I have returned to the world of apprenticeship delivery, after a six-year “EPAO” hiatus, bringing with me a fresh perspective.
Having once understood the widely held opinion that the rise of degree apprenticeships was often termed simply as a “land-grab” by the middle classes, I am now witnessing firsthand the transformative impact that degree apprenticeships can have on individuals, particularly those from underprivileged backgrounds.
In a landscape where traditional higher education has long held a privileged status, the apprenticeship sector continues to face an ongoing battle against biases and misconceptions significantly in post-16 career advice and guidance. One such manifestation of this bias however is emerging from within, this time it is the reverse snobbery that undermines the value of higher-level, degree apprenticeships.
I will attempt to offer a perspective from within a degree apprenticeship provider and challenge the belief that the apprenticeship system, levy and all, should be exclusively reserved for lower levels of vocational education, and aim to shed light on the immense career opportunities that higher-level apprenticeships offer.
The Middle-Class Myth
Growing up in a mining village in South Yorkshire, I had a very solid working-class upbringing that shaped my perspective on education and career opportunities. The economic decline experienced in the South Yorkshire coalfields during the 1980s had a profound impact on communities, education providers and the wider economy which resulted in limited educational opportunities for many.
One prevailing criticism against degree apprenticeships is the perception that they predominantly benefit the middle class, enabling them to seize all the opportunities which the apprenticeship levy offers, while leaving the perceived working-class individual behind. However, this assumption fails to acknowledge the true potential of degree apprenticeships to break down barriers and provide equal access to career and professional advancement.
The belief that apprenticeship funding should only be directed towards lower-level qualifications is often rooted in a number of factors.
Firstly, there exists a historical association between apprenticeships and skilled trades such as construction, catering or hairdressing, which are commonly and wrongly perceived as more suitable for individuals from working-class backgrounds and that lower-level apprenticeships are the only route out of economic depravity.
Secondly, there is a concern about the allocation of limited resources. The apprenticeship levy is a fund collected from employers to support apprenticeship training and development. Some argue that these funds should be prioritised for lower-level apprenticeships, which are seen as more directly aligned with workforce development and addressing skills shortages. From this perspective, investing in higher education through the apprenticeship levy may be seen as diverting resources away from areas with more immediate labour market needs.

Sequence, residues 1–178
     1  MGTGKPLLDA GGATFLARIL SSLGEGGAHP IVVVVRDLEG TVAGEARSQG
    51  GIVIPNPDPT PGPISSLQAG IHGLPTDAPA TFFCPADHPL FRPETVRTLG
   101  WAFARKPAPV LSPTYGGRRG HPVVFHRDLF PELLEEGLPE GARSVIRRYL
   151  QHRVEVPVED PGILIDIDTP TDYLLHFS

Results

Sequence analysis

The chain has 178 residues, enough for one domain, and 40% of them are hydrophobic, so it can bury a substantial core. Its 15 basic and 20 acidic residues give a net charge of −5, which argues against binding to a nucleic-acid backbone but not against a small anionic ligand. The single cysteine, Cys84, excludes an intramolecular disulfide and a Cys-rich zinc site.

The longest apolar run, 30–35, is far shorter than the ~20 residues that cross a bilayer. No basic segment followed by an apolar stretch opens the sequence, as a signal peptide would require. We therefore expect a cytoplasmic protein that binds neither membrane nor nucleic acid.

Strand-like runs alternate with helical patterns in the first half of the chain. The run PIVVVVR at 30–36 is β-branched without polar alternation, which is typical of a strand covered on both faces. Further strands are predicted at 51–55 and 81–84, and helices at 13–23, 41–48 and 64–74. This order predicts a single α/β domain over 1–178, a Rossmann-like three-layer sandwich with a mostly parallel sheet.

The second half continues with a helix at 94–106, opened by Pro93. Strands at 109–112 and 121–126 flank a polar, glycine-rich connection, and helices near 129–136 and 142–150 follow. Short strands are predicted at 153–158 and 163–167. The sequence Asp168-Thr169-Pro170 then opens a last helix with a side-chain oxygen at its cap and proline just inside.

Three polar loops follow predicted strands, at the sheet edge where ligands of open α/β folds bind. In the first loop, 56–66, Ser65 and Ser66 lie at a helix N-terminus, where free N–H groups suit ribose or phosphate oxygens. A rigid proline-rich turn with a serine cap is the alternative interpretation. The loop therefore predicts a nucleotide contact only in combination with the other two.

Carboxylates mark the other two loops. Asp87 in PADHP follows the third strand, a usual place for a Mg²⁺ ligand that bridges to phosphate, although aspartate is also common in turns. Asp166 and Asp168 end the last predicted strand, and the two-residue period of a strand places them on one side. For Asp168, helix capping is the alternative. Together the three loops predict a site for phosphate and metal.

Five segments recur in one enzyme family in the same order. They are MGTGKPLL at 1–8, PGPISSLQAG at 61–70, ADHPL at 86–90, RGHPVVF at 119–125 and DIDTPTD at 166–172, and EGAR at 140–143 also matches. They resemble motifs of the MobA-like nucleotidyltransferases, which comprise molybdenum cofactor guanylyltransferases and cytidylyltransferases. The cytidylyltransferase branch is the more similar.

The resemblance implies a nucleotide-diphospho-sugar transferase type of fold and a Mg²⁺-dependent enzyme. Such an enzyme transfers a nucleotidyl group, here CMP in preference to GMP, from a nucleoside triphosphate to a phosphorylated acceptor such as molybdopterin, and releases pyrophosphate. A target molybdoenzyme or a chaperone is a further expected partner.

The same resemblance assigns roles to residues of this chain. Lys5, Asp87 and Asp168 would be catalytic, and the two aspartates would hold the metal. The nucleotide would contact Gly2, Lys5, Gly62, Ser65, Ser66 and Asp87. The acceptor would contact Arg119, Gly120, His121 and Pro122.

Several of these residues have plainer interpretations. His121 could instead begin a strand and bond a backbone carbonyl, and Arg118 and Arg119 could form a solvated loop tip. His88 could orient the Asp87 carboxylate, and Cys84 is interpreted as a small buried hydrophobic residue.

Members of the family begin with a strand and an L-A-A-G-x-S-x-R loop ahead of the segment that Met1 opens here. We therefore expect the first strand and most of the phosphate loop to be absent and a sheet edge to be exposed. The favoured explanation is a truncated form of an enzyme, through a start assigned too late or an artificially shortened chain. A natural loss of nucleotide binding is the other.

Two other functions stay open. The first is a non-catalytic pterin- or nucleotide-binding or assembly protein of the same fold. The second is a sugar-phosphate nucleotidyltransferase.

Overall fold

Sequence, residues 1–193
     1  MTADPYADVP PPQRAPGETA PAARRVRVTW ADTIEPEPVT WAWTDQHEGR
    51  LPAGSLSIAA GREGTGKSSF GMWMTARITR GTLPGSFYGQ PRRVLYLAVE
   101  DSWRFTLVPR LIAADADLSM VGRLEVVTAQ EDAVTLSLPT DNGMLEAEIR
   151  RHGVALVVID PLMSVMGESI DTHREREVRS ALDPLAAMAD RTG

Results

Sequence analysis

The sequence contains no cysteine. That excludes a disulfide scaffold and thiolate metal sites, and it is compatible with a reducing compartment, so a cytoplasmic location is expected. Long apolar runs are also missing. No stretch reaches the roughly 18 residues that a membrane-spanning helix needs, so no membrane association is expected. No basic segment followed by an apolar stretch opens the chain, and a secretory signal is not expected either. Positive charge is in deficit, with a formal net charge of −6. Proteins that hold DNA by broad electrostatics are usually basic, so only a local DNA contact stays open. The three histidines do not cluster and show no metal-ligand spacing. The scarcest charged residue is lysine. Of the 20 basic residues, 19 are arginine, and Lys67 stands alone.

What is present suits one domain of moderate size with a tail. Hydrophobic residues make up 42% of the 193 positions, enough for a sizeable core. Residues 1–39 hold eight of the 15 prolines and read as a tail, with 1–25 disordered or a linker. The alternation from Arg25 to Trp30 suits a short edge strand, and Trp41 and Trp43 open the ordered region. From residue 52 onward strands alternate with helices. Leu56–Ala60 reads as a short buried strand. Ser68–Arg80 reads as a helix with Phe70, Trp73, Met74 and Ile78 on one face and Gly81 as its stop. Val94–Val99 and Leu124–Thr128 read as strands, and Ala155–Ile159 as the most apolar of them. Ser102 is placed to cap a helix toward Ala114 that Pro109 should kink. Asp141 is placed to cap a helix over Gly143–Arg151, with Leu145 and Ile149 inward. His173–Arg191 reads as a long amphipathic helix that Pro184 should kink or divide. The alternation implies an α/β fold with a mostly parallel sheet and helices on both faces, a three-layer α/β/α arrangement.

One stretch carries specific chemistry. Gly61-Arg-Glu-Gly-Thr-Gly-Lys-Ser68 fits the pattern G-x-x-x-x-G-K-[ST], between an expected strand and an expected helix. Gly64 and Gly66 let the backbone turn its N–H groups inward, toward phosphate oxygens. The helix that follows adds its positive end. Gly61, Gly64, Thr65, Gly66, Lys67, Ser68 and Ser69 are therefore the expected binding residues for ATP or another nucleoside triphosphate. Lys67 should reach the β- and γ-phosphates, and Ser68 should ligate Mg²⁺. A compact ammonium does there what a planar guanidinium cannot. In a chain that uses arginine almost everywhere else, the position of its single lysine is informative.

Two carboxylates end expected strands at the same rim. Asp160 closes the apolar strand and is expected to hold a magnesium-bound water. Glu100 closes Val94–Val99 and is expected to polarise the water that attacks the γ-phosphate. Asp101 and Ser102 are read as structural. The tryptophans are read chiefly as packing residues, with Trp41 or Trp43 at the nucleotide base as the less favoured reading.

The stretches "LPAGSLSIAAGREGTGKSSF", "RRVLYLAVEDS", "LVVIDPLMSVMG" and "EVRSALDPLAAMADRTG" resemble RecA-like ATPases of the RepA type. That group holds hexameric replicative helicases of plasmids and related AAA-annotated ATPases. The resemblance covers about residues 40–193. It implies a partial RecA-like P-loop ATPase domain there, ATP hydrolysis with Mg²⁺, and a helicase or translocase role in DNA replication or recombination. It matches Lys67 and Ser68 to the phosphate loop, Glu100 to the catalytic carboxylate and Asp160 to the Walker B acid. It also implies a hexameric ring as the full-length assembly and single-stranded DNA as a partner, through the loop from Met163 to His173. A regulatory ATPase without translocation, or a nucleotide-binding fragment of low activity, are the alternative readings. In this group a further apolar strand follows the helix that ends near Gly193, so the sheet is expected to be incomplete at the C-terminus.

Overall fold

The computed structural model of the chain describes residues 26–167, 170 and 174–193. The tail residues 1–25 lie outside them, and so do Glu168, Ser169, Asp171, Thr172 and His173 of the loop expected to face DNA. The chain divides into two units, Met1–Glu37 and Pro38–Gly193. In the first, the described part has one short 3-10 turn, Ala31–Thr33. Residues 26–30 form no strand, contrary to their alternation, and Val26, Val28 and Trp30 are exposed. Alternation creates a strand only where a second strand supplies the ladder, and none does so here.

Thirdly, there may be a belief that higher education should be funded through alternative channels, such as tuition fees or student loans. The idea is that individuals pursuing higher education should bear the financial responsibility themselves, rather than relying on funds collected specifically for apprenticeships. This viewpoint emphasises personal accountability and the principle of individual investment in education.
It is important to note that these opinions may be influenced by a variety of factors, including cultural and societal perceptions of apprenticeships and higher education, as well as economic and political considerations. The debate around the funding of higher education through the apprenticeship levy is complex and multifaceted, with varying perspectives on the appropriate use of these resources and the balance between different levels of education and training.
It is crucial to emphasise that degree apprenticeships are not a privilege solely reserved for the middle class. They can empower individuals by offering a viable pathway to career advancement and higher education. By promoting awareness, providing guidance, and ensuring equal access to information about degree apprenticeships, we can challenge the notion that funding should only be allocated to lower levels of education. This way, we can create a more inclusive apprenticeship landscape that caters to the diverse needs and aspirations of individuals from all socio-economic backgrounds.
In the last four months, I have witnessed individuals in both our London and York campuses, all working professionals who are seeking career advancement. They are mainly from regular working backgrounds, embracing degree apprenticeships as a means to excel in their careers. These apprenticeships offer a unique opportunity to acquire higher-level qualifications while gaining practical experience on the job.
Levelling Up: Government Policy and Focus
The government’s commitment to “levelling up” and creating equal opportunities for all has been instrumental in recognising the value of degree apprenticeships. The current focus on investing in vocational education, including degree apprenticeships and apprenticeships more generally ensures that individuals from all backgrounds see vocational skills and apprenticeships as a viable route in the post-16 options young people have.
The “levelling up” policy implemented by the Conservative government has sparked debates regarding its effectiveness and impact on creating equal opportunities. Critics argue that the policy fails to address deep-rooted socio-economic disparities and may not adequately address the systemic barriers faced by working-class individuals. They claim that while investment in vocational education and degree apprenticeships is important, more comprehensive measures are needed to address the underlying issues that hinder social mobility.